Pöyry ‘off the hook’ in Mekong OECD complaint
The Finnish engineering consultant Pöyry did not violate OECD ethical guidelines in its project in Laos, according to a government panel. But critics, including the aid minister, say the review process was flawed.
Pöyry was accused in 2011 by 15 civil society organisations of violating OECD guidelines for multinational companies in a report the company delivered to the Lao government on the Xayaburi hydropower project, the first dam on the mainstream of the Lower Mekong River.
The Pöyry report gave a thumbs-up for the controversial project. The complaint states that Laos then used this to justify proceeding unilaterally with construction of Xayaburi in spite of objections from other Mekong countries. “[Pöyry] is thus party to an attempt to circumvent [an] … on-going regional consultation process,” the NGOs wrote.
The complaint was submitted to the Finnish Ministry of Employment and Economy, which is the contact point for upholding these OECD guidelines.
In a statement issued June 18, the ministry says Pöyry did not violate OECD Corporate Social Responsibility Guidelines in its dam project in Laos. It states further that the company made an effort to mitigate the environmental risks and negative impacts of the project by means of several detailed recommendations.
But the statement contains criticism, mainly from the Environment Ministry and the Foreign Ministry, which were both consulted about the matter. The Foreign Ministry highlights the concerns of the Mekong River Commission, of which Finland is the largest donor. The MRC was established in 1995 to facilitate cooperation among the four member countries – Thailand, Vietnam, Laos and Cambodia – especially on the issue of dam building on trans-boundary waters. “In the opinion of the MRC,” the Foreign Ministry writes, “it would be better for [studies] to be carried out before construction commences, instead of simultaneously with construction” as Pöyry proposes. The Environment Ministry says Pöyry should have used its considerable influence to delay commencement of construction until all studies had been completed.
The Ministry of Employment’s final statement adds that Pöyry “should have addressed the ambiguities related to environmental issues and human rights more clearly in its report to the government of Laos”.
There were two civil society representatives on the advisory board attached to the Ministry of Employment committee that reviewed the case. One of the members, Sonja Vartiala of Finnwatch, does not agree with the final ruling. She says the Employment Ministry did not do proper research into the matter.
“They just made their decision based on the responses from Pöyry. Many of the points we were concerned about didn’t get answered,” she says to Development Today. “A big issue for us was the due diligence process and finding out what human rights assessment Pöyry did. None of this was researched.”
The other NGO representative on the advisory board was Kati Malmelin of WWF Finland. She abstained from giving an opinion on the case because she was not able to confer with the rest of WWF.
“Much of the material was defined as confidential. That prevented me from being able to have background discussions with my organisation about the case.” she tells DT.
Meanwhile, the organisations that submitted the complaint, led by Siemenpuu Foundation, are up in arms.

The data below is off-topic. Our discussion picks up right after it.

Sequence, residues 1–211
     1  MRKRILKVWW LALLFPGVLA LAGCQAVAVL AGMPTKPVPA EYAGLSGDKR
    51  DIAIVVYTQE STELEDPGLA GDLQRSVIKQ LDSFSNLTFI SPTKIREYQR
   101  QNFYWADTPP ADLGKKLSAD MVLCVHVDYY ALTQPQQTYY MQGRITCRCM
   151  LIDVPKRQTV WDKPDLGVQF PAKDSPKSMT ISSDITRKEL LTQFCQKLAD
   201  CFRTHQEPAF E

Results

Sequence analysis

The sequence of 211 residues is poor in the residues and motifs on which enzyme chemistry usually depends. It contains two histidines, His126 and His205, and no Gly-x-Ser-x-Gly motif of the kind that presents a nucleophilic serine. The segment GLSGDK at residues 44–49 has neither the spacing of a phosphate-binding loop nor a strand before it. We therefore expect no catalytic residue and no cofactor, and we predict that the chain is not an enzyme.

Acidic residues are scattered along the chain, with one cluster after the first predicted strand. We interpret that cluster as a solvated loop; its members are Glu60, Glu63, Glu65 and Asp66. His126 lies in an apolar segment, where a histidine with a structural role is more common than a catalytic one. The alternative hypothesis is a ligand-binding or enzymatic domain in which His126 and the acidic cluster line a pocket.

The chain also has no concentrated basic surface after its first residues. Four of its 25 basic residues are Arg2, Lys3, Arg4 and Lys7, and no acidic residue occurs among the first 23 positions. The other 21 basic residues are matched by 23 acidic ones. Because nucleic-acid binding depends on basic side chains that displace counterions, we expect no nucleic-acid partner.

“They really let Pöyry off the hook very easily,” says Otto Bruun of Siemenpuu Foundation. He points to two main flaws in the process: the lack of transparency and the company’s refusal to meet with the complainants.
“This ruling was based on information that was kept confidential not only for the public but also from the complainants. That is not acceptable practice,” Bruun says. “Moreover, we specifically requested to interact with Pöyry, but the company did not want to have contact with us in the framework of the complaint.
Pöyry’s insistence that its response to the complaint be kept secret was a sore point from the beginning. The Ministry of Employment intended initially to have the documents open to the public. “We would prefer to make it public; the main principle is transparency,” Jorma Imonen at the ministry told DT a year ago. (See DT 8/12) In the end, however, lawyers at the ministry supported Pöyry’s claim that the documents contained commercial secrets protected by Finnish law.
The decision to respect Pöyry’s confidentiality in this case has not gone over well with Development Minister Heidi Hautala. “It is unheard of that the response of the company was declared a business secret even to the appealing party,” Hautala says to Development Today.
“This appeal process was used for the first time after the human rights clauses were added to the OECD guidelines in 2011. It is clear that it needs to be evalued and rectified. There were obvious problems with openness and clarity of the process.”
While she has supported the NGOs’ criticism of the process, she questions their claim that Finnish aid has been wasted because Pöyry’s work contradicted Finland’s support to the MRC.
The Mekong commission is being severely tested as Laos moves ahead with the Xayaburi project, in spite of objections from downstream member states.
“It goes without saying that Finland considers the Mekong River Commission a vital body for the region. I have expressed our willingness to the members states to contribute to revising some of the ambiguous articles of the Mekong Agreement of 1995, in order to avoid the kind of shortcomings we are now witnessing in the project.
DT 8/2013 June 25, 2013